Curiosity is inching her way through her first use of the drill on a Martian rock. She paused in the proceedings to capture a second Martian "selfie."
Mars Reconnaissance Orbiter captured a new view of Curiosity on Mars on January 2 (sol 145). Curiosity was in the same location as the one from which it shot the sol 137 panorama I posted earlier. You can see the rover's tracks leading all the way back to the landing site!
I asked Mars Reconnaissance Orbiter to take a photo, and it turned out better than I had imagined: an incredibly fresh, well-preserved, dramatically rayed oblique impact crater.
Welcome to my monthly survey of the activities of robots across the solar system! Tomorrow is the equinox at Mars; both Curiosity and Opportunity will be spending the month actively analyzing Martian rocks. It'll be a less active month for Cassini, as Saturn passes through solar conjunction late next month.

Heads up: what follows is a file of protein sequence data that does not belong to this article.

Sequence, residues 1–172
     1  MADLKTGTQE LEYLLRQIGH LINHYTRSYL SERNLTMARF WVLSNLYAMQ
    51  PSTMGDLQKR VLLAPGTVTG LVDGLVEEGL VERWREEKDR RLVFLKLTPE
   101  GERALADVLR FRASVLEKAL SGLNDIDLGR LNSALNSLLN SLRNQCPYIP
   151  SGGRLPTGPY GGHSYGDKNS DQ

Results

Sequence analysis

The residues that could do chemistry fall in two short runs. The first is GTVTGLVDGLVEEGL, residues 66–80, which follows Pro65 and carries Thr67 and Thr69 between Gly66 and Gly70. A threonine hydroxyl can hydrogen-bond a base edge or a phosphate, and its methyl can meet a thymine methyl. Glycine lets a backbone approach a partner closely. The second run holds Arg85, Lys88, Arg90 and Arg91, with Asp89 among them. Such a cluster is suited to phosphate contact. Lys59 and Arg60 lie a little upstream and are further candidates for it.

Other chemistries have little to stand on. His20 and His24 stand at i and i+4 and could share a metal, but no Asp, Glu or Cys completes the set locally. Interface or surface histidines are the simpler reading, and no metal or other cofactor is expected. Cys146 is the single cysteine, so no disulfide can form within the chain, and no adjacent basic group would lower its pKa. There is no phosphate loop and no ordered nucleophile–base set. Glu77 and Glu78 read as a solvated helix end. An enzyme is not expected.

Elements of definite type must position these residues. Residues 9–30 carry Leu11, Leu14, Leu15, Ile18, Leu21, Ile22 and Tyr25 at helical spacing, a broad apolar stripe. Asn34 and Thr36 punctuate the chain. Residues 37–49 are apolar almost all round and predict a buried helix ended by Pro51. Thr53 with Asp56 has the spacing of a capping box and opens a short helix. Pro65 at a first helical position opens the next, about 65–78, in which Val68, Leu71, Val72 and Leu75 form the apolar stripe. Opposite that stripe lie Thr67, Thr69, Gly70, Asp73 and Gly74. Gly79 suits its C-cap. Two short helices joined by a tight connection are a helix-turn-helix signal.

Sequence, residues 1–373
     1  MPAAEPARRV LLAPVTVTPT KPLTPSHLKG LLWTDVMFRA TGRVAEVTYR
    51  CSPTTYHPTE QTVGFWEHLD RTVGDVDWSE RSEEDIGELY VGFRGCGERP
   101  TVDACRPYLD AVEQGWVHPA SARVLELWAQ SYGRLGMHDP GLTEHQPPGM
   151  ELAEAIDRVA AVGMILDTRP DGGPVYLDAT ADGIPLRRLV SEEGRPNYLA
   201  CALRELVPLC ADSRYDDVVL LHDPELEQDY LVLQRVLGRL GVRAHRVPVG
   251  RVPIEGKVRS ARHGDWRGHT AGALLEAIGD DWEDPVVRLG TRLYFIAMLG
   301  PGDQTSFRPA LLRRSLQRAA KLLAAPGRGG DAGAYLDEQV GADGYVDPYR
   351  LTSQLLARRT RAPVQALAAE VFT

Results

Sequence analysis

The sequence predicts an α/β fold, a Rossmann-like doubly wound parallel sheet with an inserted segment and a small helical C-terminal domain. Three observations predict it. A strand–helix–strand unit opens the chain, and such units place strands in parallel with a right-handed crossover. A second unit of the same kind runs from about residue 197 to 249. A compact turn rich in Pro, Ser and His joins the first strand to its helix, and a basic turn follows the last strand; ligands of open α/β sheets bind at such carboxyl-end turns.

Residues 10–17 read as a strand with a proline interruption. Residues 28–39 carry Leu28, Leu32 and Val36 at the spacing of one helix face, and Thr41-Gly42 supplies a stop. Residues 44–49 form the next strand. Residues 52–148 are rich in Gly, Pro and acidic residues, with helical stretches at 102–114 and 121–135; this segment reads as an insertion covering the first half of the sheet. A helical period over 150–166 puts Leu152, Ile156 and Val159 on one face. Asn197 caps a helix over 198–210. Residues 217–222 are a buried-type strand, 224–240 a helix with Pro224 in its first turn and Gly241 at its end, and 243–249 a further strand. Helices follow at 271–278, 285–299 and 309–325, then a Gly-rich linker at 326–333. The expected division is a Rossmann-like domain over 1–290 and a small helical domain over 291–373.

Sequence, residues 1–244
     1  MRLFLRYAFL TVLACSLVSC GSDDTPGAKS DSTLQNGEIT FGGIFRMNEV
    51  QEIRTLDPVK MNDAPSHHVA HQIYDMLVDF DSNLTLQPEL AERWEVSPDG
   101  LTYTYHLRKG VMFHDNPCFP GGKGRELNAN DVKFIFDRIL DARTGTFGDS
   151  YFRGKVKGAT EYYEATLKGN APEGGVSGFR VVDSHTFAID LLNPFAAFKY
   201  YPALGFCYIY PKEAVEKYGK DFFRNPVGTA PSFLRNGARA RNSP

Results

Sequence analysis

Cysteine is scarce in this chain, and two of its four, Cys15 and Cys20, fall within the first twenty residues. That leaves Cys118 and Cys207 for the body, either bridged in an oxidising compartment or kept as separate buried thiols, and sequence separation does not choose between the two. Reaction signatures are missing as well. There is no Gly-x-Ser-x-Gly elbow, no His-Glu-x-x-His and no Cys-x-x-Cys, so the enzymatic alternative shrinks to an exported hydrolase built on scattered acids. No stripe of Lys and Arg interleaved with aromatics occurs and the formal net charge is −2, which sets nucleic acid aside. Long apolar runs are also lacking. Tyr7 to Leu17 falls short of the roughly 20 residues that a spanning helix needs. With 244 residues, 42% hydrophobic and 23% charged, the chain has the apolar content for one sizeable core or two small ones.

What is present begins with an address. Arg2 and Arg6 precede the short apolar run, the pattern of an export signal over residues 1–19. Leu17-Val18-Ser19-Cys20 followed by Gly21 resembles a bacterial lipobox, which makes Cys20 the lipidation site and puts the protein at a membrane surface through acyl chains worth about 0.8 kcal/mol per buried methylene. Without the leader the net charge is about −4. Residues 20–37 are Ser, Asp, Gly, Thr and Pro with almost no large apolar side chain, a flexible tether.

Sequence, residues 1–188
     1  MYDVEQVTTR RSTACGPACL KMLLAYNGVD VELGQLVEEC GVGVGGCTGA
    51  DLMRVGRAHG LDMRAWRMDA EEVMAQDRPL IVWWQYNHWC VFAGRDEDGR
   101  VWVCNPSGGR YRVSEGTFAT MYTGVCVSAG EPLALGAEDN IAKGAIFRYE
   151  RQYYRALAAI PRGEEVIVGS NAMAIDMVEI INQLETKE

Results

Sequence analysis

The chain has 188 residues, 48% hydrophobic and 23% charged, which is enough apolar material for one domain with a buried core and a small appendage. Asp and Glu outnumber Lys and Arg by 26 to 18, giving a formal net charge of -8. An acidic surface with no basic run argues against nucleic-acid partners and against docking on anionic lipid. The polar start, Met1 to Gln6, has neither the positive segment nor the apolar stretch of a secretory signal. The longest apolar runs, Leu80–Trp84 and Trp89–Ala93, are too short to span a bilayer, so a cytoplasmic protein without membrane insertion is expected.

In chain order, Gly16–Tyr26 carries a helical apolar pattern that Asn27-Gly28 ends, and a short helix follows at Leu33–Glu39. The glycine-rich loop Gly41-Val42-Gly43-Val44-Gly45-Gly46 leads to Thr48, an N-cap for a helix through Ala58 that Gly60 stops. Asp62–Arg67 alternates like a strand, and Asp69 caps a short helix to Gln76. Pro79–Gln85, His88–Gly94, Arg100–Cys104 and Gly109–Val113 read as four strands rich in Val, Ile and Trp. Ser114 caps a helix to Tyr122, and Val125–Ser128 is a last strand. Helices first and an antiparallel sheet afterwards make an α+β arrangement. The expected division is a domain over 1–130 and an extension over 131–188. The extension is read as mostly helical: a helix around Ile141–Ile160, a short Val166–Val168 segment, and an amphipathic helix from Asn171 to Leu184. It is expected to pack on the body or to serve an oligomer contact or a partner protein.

In 2008, Mars Reconnaissance Orbiter snapped an amazing photo of Phoenix descending to the surface of Mars under its parachute. Now it's repeated the feat, with Curiosity.
May 16, 2012 is the third martian anniversary of the start of Mars Climate Sounder (MCS) observations from Mars Reconnaissance Orbiter. MCS started measuring the atmosphere of Mars three Mars years ago, on September 24, 2006. We can now compare the weather and behavior of the atmosphere in three different years, and find the temperature differences to be surprisingly large.
Posted by Emily Lakdawalla on 2011/10/25 01:30 CDT
The Mars Climate Sounder team has recently confirmed a prediction of a weather phenomenon on Mars that we haven't been able to observe before.